The inaugural ceremonies themselves had me paying sharp attention.  I was fascinated by it all.  Seeing judges, lawmakers, and staff muckety-mucks behind the podium, observing the fabulous array of hats and tuxes and corsages, watching former governors greet friends and colleagues, hearing political conversations on our less-important side—all of it was fascinating and somehow finely distilled in the cold January air.  At one point, impossibly marshmallowed giant snowflakes fell to make the scene stand out even more.  People in our area of the stands were welcoming, chatty, funny.

If you can see the photo above well enough, you’ll see the listing of speakers and performers at the inauguration.  These included a volunteer choir from Richmond with a beautiful rendition of “America the Beautiful” and another singer piercing the cold with his interpretation of “Star Spangled Banner.”  The program demonstrates an effort to include people of all races, religions, and creeds.  The All Dulles Area Muslim Society Center Boys and Girls Scouts recited the pledge of allegiance, two Baptist churches were represented, and a rabbi from a Richmond temple gave the benediction.  Representatives of Virginia’s Indian tribes blessed the ground.  As I think was the purpose, the inauguration organizers communicated an overarching message of inclusion and celebration.  I was surprised, though, not to hear any women’s voices in the core program.  (There were two women singing as people streamed out of the stands in the time between the formal ceremonies and the parade, but that was it.)  If you read the Gender Shrapnel Blog regularly, you know I notice these things, but how can you not?  51% of Virginians are women, but 0% of the speakers were.  The judges who swore in Northam, Fairfax, and Herring were also all men.  How are we not noticing these gender-deaf moves? (*See this September, 2017, post on this issue.)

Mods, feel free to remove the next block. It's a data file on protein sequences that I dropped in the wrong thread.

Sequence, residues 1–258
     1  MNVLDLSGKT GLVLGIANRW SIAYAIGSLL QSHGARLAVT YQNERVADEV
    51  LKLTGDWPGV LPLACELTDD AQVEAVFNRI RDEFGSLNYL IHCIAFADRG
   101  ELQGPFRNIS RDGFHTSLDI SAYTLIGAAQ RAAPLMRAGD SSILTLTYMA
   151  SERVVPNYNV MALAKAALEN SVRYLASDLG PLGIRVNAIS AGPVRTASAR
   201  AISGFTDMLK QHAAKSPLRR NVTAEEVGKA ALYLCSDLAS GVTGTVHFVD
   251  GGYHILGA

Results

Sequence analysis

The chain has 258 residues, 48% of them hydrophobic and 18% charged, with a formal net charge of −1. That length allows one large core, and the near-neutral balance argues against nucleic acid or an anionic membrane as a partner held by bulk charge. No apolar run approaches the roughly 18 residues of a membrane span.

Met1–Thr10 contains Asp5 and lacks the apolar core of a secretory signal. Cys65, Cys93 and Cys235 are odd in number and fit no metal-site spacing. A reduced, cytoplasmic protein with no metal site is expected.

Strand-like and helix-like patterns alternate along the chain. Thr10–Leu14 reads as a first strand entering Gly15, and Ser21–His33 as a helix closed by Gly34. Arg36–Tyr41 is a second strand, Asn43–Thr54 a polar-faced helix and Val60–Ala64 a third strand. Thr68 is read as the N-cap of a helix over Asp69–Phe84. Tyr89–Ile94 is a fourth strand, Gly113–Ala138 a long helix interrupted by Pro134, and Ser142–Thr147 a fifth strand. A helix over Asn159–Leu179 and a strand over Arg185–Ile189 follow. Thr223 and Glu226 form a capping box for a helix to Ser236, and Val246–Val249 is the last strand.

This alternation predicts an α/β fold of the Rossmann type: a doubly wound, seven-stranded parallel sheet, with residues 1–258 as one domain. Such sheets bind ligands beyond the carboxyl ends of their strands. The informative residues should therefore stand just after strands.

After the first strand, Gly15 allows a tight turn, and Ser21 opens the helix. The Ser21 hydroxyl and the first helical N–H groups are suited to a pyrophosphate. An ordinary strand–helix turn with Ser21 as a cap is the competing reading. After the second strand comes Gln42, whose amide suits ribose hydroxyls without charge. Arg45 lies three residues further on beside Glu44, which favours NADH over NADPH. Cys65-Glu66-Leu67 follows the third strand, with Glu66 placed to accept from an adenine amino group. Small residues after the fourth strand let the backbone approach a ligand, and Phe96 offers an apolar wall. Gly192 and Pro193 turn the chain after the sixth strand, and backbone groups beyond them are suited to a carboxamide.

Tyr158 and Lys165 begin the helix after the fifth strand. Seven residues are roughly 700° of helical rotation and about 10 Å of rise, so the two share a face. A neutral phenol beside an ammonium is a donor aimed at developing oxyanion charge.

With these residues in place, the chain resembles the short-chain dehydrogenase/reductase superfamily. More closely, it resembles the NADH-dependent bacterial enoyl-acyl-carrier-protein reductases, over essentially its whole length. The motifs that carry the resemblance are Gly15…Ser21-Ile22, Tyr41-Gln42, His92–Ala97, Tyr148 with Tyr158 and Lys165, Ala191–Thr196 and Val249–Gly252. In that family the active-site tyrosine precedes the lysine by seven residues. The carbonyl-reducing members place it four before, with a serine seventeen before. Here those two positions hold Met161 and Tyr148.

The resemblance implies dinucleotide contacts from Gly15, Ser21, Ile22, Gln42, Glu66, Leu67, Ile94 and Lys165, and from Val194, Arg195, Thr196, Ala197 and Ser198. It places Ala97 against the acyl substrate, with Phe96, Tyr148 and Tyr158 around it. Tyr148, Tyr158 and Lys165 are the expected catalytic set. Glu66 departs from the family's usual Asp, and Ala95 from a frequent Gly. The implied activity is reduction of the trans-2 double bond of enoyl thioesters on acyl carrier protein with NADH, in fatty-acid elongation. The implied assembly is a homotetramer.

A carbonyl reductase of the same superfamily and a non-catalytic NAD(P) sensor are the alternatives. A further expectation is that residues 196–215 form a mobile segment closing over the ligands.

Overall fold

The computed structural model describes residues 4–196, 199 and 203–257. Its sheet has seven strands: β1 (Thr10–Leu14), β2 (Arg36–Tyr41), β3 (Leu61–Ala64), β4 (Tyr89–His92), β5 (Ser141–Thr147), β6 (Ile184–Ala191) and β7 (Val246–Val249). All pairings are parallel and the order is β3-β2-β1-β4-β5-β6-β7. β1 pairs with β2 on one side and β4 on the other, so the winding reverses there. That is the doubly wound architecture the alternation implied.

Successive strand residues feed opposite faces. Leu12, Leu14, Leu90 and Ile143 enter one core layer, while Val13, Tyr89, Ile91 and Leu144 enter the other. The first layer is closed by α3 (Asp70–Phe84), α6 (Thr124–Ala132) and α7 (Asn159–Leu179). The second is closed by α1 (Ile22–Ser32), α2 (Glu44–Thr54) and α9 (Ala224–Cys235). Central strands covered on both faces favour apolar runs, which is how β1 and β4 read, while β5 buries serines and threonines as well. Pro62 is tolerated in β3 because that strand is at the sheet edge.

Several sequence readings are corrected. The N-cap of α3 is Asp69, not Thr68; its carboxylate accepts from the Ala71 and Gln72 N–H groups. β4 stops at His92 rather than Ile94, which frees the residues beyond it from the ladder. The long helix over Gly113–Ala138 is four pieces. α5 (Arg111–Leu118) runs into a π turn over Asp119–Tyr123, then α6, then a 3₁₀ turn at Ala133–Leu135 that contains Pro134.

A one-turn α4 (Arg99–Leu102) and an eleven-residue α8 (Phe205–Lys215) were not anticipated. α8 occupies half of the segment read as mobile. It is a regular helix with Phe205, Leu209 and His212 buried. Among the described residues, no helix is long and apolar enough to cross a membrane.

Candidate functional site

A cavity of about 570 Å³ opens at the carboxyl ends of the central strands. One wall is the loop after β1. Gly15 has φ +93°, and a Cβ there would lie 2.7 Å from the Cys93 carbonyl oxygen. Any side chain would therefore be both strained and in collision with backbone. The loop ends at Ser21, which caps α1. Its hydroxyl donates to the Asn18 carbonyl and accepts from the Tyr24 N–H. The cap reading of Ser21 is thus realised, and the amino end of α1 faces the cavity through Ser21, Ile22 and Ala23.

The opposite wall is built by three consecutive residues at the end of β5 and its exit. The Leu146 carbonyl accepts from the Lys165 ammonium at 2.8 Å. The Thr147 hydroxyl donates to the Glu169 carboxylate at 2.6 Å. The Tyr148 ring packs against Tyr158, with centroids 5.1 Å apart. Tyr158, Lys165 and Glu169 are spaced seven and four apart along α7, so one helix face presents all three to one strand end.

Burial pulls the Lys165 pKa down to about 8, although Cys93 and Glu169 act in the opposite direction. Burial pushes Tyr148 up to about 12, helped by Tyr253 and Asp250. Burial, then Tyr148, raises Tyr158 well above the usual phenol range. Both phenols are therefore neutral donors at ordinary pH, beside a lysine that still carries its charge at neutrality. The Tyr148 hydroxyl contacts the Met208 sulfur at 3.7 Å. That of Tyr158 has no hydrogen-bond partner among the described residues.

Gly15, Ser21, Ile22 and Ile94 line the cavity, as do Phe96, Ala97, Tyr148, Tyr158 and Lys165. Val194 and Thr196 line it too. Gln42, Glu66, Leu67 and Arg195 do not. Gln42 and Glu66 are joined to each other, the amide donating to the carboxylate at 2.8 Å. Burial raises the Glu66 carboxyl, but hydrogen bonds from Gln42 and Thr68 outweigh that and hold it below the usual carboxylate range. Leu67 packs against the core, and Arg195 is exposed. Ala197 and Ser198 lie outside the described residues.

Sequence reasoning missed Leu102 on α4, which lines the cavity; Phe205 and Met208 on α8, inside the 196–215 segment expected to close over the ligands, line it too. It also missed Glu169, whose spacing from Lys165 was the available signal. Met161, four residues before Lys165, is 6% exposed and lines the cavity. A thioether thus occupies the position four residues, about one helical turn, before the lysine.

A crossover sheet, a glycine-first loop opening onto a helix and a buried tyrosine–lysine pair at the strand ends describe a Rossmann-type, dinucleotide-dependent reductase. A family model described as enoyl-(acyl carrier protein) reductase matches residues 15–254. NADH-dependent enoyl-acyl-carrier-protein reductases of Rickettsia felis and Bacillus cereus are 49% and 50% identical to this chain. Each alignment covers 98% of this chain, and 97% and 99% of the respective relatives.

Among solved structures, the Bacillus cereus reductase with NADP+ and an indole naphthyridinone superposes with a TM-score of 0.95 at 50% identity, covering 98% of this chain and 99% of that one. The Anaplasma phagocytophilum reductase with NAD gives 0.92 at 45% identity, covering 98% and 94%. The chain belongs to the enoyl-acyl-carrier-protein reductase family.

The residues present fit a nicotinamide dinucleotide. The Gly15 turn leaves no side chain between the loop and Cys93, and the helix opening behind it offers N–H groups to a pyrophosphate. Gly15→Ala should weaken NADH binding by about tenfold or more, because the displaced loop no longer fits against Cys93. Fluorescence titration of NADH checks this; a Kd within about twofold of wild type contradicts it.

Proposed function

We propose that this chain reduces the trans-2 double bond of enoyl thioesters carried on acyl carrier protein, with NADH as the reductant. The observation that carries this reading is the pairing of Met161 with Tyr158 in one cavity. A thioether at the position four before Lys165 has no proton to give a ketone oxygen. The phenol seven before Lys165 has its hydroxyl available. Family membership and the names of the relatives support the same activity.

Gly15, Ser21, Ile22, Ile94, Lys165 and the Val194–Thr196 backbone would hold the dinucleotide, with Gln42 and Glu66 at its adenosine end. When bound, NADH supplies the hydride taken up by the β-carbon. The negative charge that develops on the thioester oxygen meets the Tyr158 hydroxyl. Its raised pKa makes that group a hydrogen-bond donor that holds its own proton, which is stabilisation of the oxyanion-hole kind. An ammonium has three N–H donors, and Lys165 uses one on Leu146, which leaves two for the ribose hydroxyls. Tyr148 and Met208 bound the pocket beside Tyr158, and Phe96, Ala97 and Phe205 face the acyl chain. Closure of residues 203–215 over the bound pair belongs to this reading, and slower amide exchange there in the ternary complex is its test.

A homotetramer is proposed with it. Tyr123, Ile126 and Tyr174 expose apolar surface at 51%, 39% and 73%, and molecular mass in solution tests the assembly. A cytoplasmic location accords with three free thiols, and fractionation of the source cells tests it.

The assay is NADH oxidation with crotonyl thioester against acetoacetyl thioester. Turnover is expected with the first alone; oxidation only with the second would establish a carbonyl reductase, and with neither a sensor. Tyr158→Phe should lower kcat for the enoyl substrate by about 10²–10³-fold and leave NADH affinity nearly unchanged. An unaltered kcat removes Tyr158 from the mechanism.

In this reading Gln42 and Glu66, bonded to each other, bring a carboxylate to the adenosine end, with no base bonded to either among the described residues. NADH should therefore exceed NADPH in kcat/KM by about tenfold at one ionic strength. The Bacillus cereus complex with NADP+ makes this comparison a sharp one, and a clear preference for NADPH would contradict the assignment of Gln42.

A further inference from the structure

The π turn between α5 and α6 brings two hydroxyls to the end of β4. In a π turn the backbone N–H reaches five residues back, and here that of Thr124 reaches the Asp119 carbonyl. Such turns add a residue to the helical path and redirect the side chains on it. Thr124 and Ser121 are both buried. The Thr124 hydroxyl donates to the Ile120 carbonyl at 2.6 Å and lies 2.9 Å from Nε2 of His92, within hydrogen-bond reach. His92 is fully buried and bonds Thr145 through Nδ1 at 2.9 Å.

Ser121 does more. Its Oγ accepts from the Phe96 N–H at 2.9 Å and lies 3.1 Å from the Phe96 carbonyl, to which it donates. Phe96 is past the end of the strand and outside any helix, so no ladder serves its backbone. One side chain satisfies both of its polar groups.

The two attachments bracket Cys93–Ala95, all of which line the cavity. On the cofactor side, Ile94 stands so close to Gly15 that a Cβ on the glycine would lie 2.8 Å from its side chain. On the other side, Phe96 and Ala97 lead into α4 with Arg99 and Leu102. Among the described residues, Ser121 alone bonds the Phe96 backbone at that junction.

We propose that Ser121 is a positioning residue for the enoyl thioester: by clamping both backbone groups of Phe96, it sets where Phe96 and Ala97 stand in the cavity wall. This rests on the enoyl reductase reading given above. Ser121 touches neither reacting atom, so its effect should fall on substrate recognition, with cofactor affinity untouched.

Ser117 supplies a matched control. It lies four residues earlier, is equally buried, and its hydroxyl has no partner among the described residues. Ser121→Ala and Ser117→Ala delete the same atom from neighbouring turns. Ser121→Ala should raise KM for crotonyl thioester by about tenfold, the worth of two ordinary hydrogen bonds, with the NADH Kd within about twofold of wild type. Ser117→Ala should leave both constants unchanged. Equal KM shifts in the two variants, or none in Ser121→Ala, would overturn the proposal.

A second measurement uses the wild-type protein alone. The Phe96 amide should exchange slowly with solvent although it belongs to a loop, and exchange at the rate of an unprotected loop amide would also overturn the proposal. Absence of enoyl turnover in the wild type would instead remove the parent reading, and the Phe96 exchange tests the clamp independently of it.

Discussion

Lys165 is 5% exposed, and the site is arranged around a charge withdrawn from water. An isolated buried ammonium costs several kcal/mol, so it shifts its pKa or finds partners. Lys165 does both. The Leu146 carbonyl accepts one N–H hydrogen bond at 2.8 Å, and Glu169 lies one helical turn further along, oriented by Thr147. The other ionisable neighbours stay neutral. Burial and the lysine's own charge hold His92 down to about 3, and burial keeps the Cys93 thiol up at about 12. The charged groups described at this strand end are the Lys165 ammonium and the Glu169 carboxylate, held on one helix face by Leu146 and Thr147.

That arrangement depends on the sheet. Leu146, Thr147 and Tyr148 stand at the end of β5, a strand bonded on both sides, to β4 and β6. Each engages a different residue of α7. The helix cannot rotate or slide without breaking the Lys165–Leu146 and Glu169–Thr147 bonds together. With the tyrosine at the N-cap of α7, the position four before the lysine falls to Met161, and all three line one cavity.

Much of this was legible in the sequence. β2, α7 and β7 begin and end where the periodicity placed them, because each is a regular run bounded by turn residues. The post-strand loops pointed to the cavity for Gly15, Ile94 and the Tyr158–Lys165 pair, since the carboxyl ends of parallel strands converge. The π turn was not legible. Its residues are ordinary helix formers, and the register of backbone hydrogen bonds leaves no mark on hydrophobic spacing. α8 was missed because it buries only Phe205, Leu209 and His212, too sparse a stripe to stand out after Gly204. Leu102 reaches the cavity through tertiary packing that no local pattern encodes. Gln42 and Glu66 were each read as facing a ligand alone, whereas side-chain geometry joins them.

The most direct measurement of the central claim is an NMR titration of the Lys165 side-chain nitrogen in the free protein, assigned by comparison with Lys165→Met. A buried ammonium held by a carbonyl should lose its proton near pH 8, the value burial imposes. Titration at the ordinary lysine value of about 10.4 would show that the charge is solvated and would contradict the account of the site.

Of the three officials who took the oath of office last Saturday, only one gave an inaugural address.  That, of course, was Ralph Northam.  He stuck mostly to what he knows best—healthcare, and I very much like what he had to say on that count.  He mostly ignored what he does least, which is care for the environment.  In one part of Northam’s speech, shaped around the campaign slogan “The Way Ahead” and concomitant metaphors about paths and compasses, the new governor told a story about a medical diagnosis he had given and how he learned years later that he could have delivered the news in a far more effective way.  I was struck by this simple story and heartened by hearing an elected official admit to committing a mistake and learning from it.  Then I wondered how low I’ve learned to set the bar, through a year of Trump and the trumpholes, when I consider this common act of learning from a mistake a heroic feat.  In any case, Northam’s inauguration speech was better than I was prepared for and slightly less gender-deaf than the rest of the inaugural ceremonies.

See you next week!

(The Virginia Women’s Monument, Richmond, VA / Photo taken January 13, 2018)

Ben Cline. Sigh.

(Poster from the Lexington-Rockbridge Women’s Rights Rally, March, 2017)

For this week’s post, I am sharing a version of the letter to the editor that I have just written for our local newspaper, The News-Gazette (Lexington, VA), along with some additional comments about Ben Cline’s town hall meeting, held last month in Buena Vista, VA.  For those of you who are reading from outside the Virginia 24th or the Federal 6th District, you might want to re-read this Gender Shrapnel Blog post from last March.  Please note, too, that Ben Cline has declared his intention to run for Congressman Bob Goodlatte’s U.S. House of Representatives seat, which conservative, deaf-to-his-constituents-Goodlatte  has held since…wait for it…1992.